All-Time Single-Season Teams: The American League simulation

Ty Cobb was the best of the best in our simulated all-time single-season league.
Ty Cobb was the best of the best in our simulated all-time single-season league. (Getty)

ALL-TIME SINGLE-SEASON TEAMS: CHC | STL | MIL | CIN | PIT | CHW | DET | KCR | CLE | MIN | ARI | COL | SD | LAD | SF | SEA | HOU | LAA | TEX | OAK | BOS | NYY | BAL | TOR | TBR | MIA | NYM | ATL | WAS | PHI | AL & NL | By the numbers | Worst team


Over the last few weeks, we've been looking at the best all-time single-seasons at each position for all 30 clubs. That is the best season by a catcher, the best season by a first baseman, the best season by a second baseman, so on and so on. The results for every team is linked above, ditto our combined AL and NL squads.

So, now that we have all those teams put together, we had to simulate a season, right? Of course we did. We used the Diamond Mind Baseball system ( with the help of Dream Time Baseball's Michael Cimilluca ( He did all the grunt work, so give him thank you and a big round of applause.

In a perfect world we would simulate about a thousand seasons and post the averages, but that really wasn't practical for us. We simulated only one season, so the data is more subject to randomness. That makes it kind of fun, in my opinion. The simulation was run using present day divisions and ballparks, and the rosters were filled out with "others," meaning the guys who were honorable mentions in each post. Injuries were turned off so the starters played pretty much all game, every game. Got all that? Good.

This post will wrap up the American League regular season. The National League results are linked above and the postseason simulation results will be posted later today. Let's dive into the AL results.


American League Standings
East W L Pct GB RF RA
Boston Red Sox 101 61 .623 - 982 756
New York Yankees 92 70 .568 9 973 859
Baltimore Orioles 92 70 .568 9 858 827
Toronto Blue Jays 74 88 .457 27 810 820
Tampa Bay Rays 37 125 .228 64 578 956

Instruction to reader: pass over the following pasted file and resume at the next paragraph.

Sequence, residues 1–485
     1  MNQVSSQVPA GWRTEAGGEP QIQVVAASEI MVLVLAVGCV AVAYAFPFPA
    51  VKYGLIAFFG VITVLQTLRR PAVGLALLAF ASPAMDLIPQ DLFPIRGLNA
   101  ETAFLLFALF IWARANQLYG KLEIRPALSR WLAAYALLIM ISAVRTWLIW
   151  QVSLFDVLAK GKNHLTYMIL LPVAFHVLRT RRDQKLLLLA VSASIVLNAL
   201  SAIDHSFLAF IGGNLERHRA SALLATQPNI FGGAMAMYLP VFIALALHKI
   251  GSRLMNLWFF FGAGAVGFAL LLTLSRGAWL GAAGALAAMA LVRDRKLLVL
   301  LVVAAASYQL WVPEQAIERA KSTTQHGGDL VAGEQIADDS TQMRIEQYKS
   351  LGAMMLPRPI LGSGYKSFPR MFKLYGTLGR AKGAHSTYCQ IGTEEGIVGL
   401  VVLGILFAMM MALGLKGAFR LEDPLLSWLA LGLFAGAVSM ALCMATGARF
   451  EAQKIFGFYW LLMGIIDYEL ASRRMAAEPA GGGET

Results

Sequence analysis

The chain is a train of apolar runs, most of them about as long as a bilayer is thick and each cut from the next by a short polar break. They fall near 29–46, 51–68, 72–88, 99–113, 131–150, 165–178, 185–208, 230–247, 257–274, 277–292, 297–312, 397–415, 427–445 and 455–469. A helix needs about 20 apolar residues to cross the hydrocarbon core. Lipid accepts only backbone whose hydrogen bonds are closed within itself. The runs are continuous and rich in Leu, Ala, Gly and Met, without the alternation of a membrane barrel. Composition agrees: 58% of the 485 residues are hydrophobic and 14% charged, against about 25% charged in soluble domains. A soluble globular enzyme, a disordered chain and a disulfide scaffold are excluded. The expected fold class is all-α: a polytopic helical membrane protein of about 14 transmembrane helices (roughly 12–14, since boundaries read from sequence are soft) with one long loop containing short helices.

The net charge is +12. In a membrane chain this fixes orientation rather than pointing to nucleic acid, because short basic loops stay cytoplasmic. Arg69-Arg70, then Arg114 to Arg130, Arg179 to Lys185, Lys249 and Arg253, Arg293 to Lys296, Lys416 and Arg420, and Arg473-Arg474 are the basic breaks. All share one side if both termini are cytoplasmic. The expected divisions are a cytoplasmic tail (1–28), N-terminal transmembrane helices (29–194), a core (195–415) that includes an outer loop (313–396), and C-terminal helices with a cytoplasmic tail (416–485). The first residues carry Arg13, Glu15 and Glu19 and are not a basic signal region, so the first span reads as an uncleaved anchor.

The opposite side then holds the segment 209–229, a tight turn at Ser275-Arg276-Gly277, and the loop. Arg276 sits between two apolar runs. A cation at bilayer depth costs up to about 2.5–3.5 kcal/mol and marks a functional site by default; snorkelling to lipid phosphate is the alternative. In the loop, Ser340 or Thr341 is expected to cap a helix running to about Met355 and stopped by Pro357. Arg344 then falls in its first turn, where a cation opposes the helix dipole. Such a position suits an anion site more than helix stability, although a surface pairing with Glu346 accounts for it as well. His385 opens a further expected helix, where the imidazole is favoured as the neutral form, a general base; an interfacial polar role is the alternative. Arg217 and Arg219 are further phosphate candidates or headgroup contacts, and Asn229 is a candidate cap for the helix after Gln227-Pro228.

Central W L Pct GB RF RA
Cleveland Indians 111 51 .685 - 1046 718
Detroit Tigers 90 72 .556 21 1002 928
Minnesota Twins 78 84 .481 33 781 881
Chicago White Sox 77 85 .475 34 843 904
Kansas City Royals 69 93 .426 42 805 876
West W L Pct GB RF RA
Oakland Athletics 95 67 .586 - 964 843
Seattle Mariners 85 77 .525 10 752 711
Houston Astros 84 78 .519 11 754 742
Texas Rangers 69 93 .426 26 869 961
Los Angeles Angels 61 101 .377 34 665 900

So, how about those Indians? They had both the best record and run differential (+328) in the simulation and it wasn't all that close either. The Red Sox finished second in both categories. The (Devil) Rays, on the other hand, had by far the worst record and run differential (-378). They won 37 games and no other team in the simulation won fewer than 60. Ouch.

The three division races really weren't races at all. The Red Sox, Indians and Athletics all won their divisions easily. We used the old single wild-card playoff system, so the Yankees and Orioles tied for the final postseason spot. Our tiebreaker was head-to-head record, which New York won in the simulation. If this had been real life, the Yankees and O's would have played a one-game tiebreaker. Baltimore got hosed, but it's nothing compared to what happened in the NL Central. Make sure you click the NL link at the top of the post for that mess.

Here are the AL postseason matchups:

ALDS 1: Yankees (WC) at Indians
ALDS 2: Athletics at Red Sox

Those are best-of-5 series while both the ALCS and World Series are best-of-7 series. Now let's dive into the individual player results.


American League Batting Leaders
Player AVG
Ty Cobb, DET .418
Nap Lajoie, CLE .415
Frank Baker, OAK .351
Nap Lajoie, OAK .351
George Brett, KC .348
Home Runs
Player HR
Babe Ruth, NYY 63
Jeff Bagwell, HOU 62
Jim Thome, CLE 61
Roger Maris, NYY 55
Travis Hafner, CLE 54
Runs Batted In
Player RBI
Frank Thomas, CHW 167
Ted Williams, BOS 159
Jim Thome, CLE 150
M. Cabrera, DET 149
Danny Tartabull, KC 148
Player H
Ty Cobb, DET 307
Nap Lajoie, CLE 257
Nap Lajoie, OAK 245
Frank Baker, OAK 242
Ichiro Suzuki, SEA 235
On Base
Player OBP
Ted Williams, BOS .477
Nap Lajoie, CLE .459
Norm Cash, DET .459
Ty Cobb, DET .457
George Brett, KC .419
Player SLG
Babe Ruth, NYY .700